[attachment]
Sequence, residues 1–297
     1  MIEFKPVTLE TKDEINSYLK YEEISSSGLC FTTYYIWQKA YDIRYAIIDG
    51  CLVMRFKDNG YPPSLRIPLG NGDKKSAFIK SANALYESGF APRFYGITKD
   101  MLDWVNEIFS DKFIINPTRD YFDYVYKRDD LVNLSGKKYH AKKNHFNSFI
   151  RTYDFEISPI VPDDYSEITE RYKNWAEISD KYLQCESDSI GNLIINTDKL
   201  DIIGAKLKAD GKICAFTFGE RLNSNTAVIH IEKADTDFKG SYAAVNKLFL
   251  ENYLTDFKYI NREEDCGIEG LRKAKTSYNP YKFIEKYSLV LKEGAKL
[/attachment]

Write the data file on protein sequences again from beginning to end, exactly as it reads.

Sequence, residues 1–297
     1  MIEFKPVTLE TKDEINSYLK YEEISSSGLC FTTYYIWQKA YDIRYAIIDG
    51  CLVMRFKDNG YPPSLRIPLG NGDKKSAFIK SANALYESGF APRFYGITKD
   101  MLDWVNEIFS DKFIINPTRD YFDYVYKRDD LVNLSGKKYH AKKNHFNSFI
   151  RTYDFEISPI VPDDYSEITE RYKNWAEISD KYLQCESDSI GNLIINTDKL
   201  DIIGAKLKAD GKICAFTFGE RLNSNTAVIH IEKADTDFKG SYAAVNKLFL
   251  ENYLTDFKYI NREEDCGIEG LRKAKTSYNP YKFIEKYSLV LKEGAKL